UNC to Participate in Initiative to Promote Academic Freedom, Dialogue

After a national competition in undergraduate education that drew more than 675 proposals, the Ford Foundation has selected UNC as one of 27 higher education institutions to receive $100,000 grants for projects that promote academic freedom and constructive dialogue on campus.

The grants are part of Ford’s “Difficult Dialogues” initiative, created in response to reports of growing intolerance and efforts to curb academic freedom at colleges and universities. The goal is to help institutions address this challenge through academic and campus programs that enrich learning, encourage new scholarship and engage students and faculty in constructive dialogue about contentious political, religious, racial and cultural issues.

The National Issues Forum Network will be contracted in the first year of the project to conduct focus groups and gather baseline data on campus and in the larger community; frame the campus’s key issues; conduct workshops and other hands-on opportunities for faculty and instructors to refine their skills in leading difficult dialogues; develop moderator and discussion guides, and test and refine activities and materials as needed to meet program objectives.

A UNC spokesman said that UNC faculty involved in the project include Faculty Chair Judith Wegner and professors Bill Andrews (English), Julia Wood (communication studies and the Institute for Arts and Humanities), Jay Smith (history) and Virginia Carson ’71 of the Campus Y.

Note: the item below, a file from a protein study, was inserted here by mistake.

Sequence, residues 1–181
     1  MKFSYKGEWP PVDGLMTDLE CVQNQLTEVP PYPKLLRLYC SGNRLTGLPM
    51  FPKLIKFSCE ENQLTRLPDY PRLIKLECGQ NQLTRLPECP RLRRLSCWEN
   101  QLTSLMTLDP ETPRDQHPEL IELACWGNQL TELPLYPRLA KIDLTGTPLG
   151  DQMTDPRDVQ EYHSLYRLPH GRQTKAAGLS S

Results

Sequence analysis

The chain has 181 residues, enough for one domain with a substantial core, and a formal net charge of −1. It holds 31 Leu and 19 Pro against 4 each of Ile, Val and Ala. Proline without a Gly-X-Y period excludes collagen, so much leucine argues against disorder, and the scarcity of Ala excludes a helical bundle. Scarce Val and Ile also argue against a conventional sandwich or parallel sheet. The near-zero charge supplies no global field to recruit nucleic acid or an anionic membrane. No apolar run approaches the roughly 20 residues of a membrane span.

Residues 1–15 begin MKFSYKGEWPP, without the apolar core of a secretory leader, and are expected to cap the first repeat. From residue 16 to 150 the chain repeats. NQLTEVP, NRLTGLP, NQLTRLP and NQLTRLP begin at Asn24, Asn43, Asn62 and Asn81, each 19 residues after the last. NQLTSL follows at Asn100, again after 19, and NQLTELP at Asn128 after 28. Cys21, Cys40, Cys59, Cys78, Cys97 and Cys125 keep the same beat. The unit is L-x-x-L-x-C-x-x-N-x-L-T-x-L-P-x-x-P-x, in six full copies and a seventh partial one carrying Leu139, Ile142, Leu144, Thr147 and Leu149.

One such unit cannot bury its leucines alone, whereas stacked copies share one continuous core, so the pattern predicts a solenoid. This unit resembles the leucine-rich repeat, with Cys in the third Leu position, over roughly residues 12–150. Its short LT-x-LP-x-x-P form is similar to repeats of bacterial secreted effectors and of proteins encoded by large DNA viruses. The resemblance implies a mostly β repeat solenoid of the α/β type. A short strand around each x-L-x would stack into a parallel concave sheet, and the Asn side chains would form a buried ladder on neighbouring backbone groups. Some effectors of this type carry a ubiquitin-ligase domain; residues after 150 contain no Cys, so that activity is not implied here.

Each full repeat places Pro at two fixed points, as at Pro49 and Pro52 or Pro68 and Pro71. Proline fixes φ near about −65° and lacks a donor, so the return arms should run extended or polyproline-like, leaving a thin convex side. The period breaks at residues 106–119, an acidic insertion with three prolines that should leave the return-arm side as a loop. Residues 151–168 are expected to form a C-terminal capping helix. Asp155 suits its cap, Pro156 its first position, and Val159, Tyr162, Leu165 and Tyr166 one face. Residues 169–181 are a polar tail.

Over the course of the two-year initiative, the “Difficult Dialogues” grantees will be invited to share their experiences and ideas at regional conferences coordinated by the Thomas Jefferson Center for the Protection of Free Expression in Charlottesville, Va. The center also will host a Web-based forum for project directors to share ideas online.

Examples of other projects that will receive funding include:

  • at the University of Michigan in Ann Arbor, new courses, faculty seminars and campus roundtables on religion and religious conflict;
  • at Queens College in New York, the development of a new curriculum for promoting understanding and informed discussion about the conflict in the Middle East;
  • at Mars Hill College in North Carolina, training for faculty and student leaders to foster productive discussions of race, sexual orientaiton and religion; and
  • a project at Yale University that will examine whether courses about controversial issues increase tolerance and respect for different viewpoints among students.

The Ford Foundation launched “Difficult Dialogues” in April 2005 by inviting proposals from all accredited, degree-granting, nonprofit institutions with general undergraduate programs. A panel of external higher education experts reviewed the preliminary proposals and selected 136 institutions to submit final proposals.

“Difficult Dialogues” is part of a $12 million effort by the Ford Foundation to understand and combat anti-Semitism, Islamophobia and other forms of prejudice in the United States and Europe. It builds on the foundation’s history of supporting efforts by colleges and universities to foster more inclusive campus environments and to engage effectively with the growing racial, religious and ethnic diversity of their student bodies.

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